She said: “I think if you look at the tagline for every single ad campaign we have it will be slow down, belt up every seat every time — none of those are about the person not involved, those are about fixating on motorist behaviour”.

Cooper also asked why the RSA was silent on opposition to proposed road safety interventions, O’Connor said it would be “politicising” the authority.

The following day, asked the RSA why it would be unable to make a submission using an evidence-based approach and how would this be politicising the RSA. The RSA has yet to respond to the questions.

The question on why the RSA was not making submissions came last week when the authority appeared at the joint Oireachtas Committee on Transport and Communications.

After that appearance, this website last Thursday asked the RSA what submissions  it has made in recent years.

The same request relayed a question asked publicly by DLR Cycling, a branch of the Dublin Cycling Campaign, which asked if the RSA could be involved in “educating councillors instead of school children on why left turning lanes are dangerous”. asked can the RSA see a future role for itself in educating councillors of the importance of road design elements or the removal of dangerous designs such as slip turns. No response has been forthcoming in over a week.

After the committee appearance by the RSA, Ciaran Cannon TD said: “This is really disturbing, but not surprising. The RSA is charged with making our roads safer, but doesn’t see the need for it to advocate for the protection of the most vulnerable people on our roads. It should be the most vocal advocate of all.”

Waterdord-based Cllr Cristíona Kiely said: “When I think how much easier it would’ve been to get #RoadSafety measures over the line if there were submissions from an entity perceived as an authority on #RoadSafety (like maybe RSA for example), I wonder how much further ahead we’d be and how many fewer tragedies.”

She said: “The impact of submissions from the RSA on road safety public consultations would be a game changer. Currently, the fight for road safety is too often left to lone voice Cllrs. Very often, other cllrs are captured by votes instead of prioritising road safety. A TD emailed me about a road safety measure he didn’t like — describing it as ‘ultra green’.”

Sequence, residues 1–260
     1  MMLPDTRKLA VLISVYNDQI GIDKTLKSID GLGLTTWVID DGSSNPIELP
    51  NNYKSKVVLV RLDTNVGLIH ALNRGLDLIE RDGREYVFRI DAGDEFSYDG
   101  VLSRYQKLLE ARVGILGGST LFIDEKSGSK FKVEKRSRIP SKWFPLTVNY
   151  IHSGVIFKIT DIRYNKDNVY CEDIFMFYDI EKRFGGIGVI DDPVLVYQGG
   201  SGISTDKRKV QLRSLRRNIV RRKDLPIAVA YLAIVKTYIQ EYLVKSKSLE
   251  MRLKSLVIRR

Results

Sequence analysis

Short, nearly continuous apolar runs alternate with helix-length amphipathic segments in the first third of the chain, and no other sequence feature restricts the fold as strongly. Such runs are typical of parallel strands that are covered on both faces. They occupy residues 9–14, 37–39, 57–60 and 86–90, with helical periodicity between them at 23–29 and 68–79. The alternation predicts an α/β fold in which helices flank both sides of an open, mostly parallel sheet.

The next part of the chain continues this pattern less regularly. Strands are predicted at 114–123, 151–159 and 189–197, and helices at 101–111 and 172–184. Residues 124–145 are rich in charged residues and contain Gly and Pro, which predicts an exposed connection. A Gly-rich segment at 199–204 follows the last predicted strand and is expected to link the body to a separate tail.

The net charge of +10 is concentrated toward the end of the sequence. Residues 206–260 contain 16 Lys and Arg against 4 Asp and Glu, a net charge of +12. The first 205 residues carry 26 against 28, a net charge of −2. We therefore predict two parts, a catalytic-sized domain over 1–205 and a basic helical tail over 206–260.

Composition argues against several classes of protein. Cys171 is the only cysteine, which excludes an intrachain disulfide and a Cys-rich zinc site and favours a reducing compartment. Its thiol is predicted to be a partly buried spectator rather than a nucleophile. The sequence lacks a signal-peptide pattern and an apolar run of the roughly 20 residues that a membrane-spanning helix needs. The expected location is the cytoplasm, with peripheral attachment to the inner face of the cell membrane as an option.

I Bike Dublin said: “Today’s tragic events are a sobering reminder of the need for safe infrastructure. As the news broke, the RSA were in front of an Oireachtas Committee. They were asked had they ever made submissions in support of safe infrastructure. The RSA’s response, or lack of response, to this question was genuinely shocking. It wasn’t just that they didn’t know the answer, they didn’t know what to make of the question. It was like it had never dawned on them that this was something they could or should be doing. Their silence in response speaks volumes.”

South Dublin Cycling, a branch of the Dublin Cycling Campaign, said: “You don’t need to be an engineer to participate in public consultations. We strongly encourage YOU to participate in all consultations of interest to you so that you can ensure you and your family, friends and colleagues can make safe journeys on infrastructure fit for purpose.”

The Galway Cycling Campaign said: “The RSA is broken. As volunteers we spend many person-hours making suggestions and submissions on developments big and small because these have an impact on our safety and thus on our ability to use our roads. Submissions are not even on RSA’s radar. Road tragedy is avoidable.”


  1. Re the Moycullen bypass, I sent an email to Galway county council engineers pointing out that parts of the footpaths were wheelchair vicious, and in fairness to them they inspected the bypass, and fully agreed, and the contractor is at this moment rectifying the issue, where was the RSA in relation to this project???.
    Tony Carey.